|The Horror of My School's Lunches
Author: Alex Rashid PM
The food is horrible, the lunch ladies are really strict. Not much else to say here...Rated: Fiction K - English - Chapters: 2 - Words: 1,983 - Reviews: 7 - Favs: 2 - Follows: 1 - Published: 01-27-12 - id: 2992063
|A+ A- Full 3/4 1/2 Expand Tighten|
A/N: I forgot to add the hot dog to the previous chapter. I can't edit in HTML mode…so I'll add it on to here.
The Hot Dog
So, some kid dropped his lunch one day, and the hot dog bounced, like, 1 foot in the air! Also, our hot dogs are about 1 foot long, and they give us normal sized buns. XD It's really funny to see tiny 1st graders trying to eat a hot dog that's bigger than their face. In a tiny bun…..
A/N: So, now that that's out of the way….I present to you….My friend's rant about the lunch monitors. She is actually also on the site, as Tori-Color-Bastia. But, most of her work is on Fanfiction. Search her, she will appreciate it! (And yes, you are welcome for the free advertising….XD)
"At our elementary school, there were these people who called themselves lunch monitors who seemed to take joy in skulking around the cafeteria watching for any remotely joyful behavior. Their favorite victim is of course, yours truly. I'm a nice girl, good grades, funny, and unique, but I just emit this aura that says "I am trouble" to sulky lunch monitors. To add insult to injury, these were also the people who dole out punishment at recess.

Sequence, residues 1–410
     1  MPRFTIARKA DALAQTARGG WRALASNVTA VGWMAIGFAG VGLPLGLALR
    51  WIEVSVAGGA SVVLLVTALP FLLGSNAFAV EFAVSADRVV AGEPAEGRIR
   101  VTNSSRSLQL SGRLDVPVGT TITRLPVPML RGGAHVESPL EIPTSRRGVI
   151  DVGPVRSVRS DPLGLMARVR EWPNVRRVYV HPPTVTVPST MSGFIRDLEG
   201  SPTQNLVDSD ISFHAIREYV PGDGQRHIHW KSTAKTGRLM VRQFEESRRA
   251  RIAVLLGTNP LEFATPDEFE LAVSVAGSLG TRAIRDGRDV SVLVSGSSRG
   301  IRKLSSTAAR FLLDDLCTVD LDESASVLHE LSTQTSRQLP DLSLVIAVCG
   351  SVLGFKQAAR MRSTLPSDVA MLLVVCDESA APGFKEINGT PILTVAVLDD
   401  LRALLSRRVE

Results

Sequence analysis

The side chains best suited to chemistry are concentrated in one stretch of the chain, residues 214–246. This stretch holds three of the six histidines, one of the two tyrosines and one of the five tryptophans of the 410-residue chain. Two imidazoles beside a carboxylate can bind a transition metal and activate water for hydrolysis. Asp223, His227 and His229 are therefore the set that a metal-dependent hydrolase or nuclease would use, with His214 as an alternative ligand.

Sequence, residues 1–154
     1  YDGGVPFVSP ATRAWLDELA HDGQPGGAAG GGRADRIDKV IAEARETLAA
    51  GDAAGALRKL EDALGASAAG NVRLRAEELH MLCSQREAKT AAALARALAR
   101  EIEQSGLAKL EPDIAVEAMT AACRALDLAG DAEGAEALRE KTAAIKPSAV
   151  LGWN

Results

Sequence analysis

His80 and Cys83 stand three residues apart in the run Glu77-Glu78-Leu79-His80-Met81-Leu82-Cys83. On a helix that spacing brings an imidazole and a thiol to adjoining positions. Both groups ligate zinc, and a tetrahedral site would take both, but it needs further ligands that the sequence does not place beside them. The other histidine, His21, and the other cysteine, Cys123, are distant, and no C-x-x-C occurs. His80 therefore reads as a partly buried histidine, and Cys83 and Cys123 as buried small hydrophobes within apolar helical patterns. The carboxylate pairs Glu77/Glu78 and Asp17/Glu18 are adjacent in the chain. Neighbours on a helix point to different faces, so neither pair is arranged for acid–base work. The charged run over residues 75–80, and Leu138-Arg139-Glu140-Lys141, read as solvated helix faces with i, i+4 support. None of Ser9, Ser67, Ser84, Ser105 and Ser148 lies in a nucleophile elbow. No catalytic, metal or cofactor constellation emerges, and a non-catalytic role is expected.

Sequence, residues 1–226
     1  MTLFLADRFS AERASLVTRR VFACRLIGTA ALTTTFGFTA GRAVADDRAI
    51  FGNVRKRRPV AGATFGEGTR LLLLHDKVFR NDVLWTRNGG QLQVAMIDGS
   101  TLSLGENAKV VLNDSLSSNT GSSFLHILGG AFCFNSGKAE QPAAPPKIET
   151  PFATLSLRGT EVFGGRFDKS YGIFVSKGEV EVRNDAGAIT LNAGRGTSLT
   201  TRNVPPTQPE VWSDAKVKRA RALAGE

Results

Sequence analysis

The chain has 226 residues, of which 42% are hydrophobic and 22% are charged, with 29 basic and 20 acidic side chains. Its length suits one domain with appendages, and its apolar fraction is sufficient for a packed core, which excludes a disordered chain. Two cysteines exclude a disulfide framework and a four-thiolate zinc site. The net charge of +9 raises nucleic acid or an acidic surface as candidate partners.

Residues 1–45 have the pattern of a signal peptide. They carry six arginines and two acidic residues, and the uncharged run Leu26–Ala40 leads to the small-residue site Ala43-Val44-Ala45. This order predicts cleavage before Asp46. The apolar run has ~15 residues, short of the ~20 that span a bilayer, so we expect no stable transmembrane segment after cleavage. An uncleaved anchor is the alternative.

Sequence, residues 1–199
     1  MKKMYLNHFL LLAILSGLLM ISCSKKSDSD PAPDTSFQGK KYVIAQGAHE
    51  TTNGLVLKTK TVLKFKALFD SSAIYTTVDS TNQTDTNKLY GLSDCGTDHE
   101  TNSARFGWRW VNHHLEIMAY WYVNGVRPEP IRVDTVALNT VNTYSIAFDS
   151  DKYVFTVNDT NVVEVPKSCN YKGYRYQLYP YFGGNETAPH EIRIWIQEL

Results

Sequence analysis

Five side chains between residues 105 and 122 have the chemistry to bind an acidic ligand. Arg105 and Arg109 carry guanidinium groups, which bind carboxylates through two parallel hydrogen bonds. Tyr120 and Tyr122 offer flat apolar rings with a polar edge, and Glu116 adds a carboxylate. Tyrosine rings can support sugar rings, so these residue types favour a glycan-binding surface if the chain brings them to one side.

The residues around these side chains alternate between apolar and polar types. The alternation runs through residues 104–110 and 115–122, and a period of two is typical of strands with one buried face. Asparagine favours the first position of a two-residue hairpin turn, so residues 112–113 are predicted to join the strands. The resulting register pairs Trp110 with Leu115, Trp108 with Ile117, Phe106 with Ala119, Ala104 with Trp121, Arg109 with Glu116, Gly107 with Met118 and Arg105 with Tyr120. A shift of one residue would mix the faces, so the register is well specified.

It all started in second grade when I started toting a miniature stuffed tiger, Hobbes, around in my pocket. He was no larger than my hand and was never causing any trouble for myself or the other children. I took him out once to show to a couple of my friends at the exact wrong moment to do anything other than eating. The moment when the lunch monitor passes right by your table and looks at you with the eyes of grr. Said monitor put out her hand. I looked at her like "WTF?" (Only I was in second grade, so it was more like "What the Helsinki?") And she grunted in a caveman-like tone "You're tiger. You'll get him back after lunch." I looked at her with my I-am-an-adorable-puppy eyes and she COMPLETELY ignored me.
I got him back, but I was branded a troublemaker ever since.
In third grade, we had just gone into the new playground, which was a HUGE milestone at our school, and still were a little fuzzy on the rules and boundaries. One of THE most ludicrous boundaries was a telephone pole in the exact middle of the field where we often played. This pole apparently cast and invisible force field that we were forbidden to cross. Naturally, a friend of mine decided to make the telephone pole into the Boundary into Terebithia. We were having a ton of fun when the monitors stopped us and gave us a stern talking-to about how the telephone pole was actually where school property ends. It was obvious that they were lying! We were in third grade, we weren't idiots! Did we honestly come off as that naive?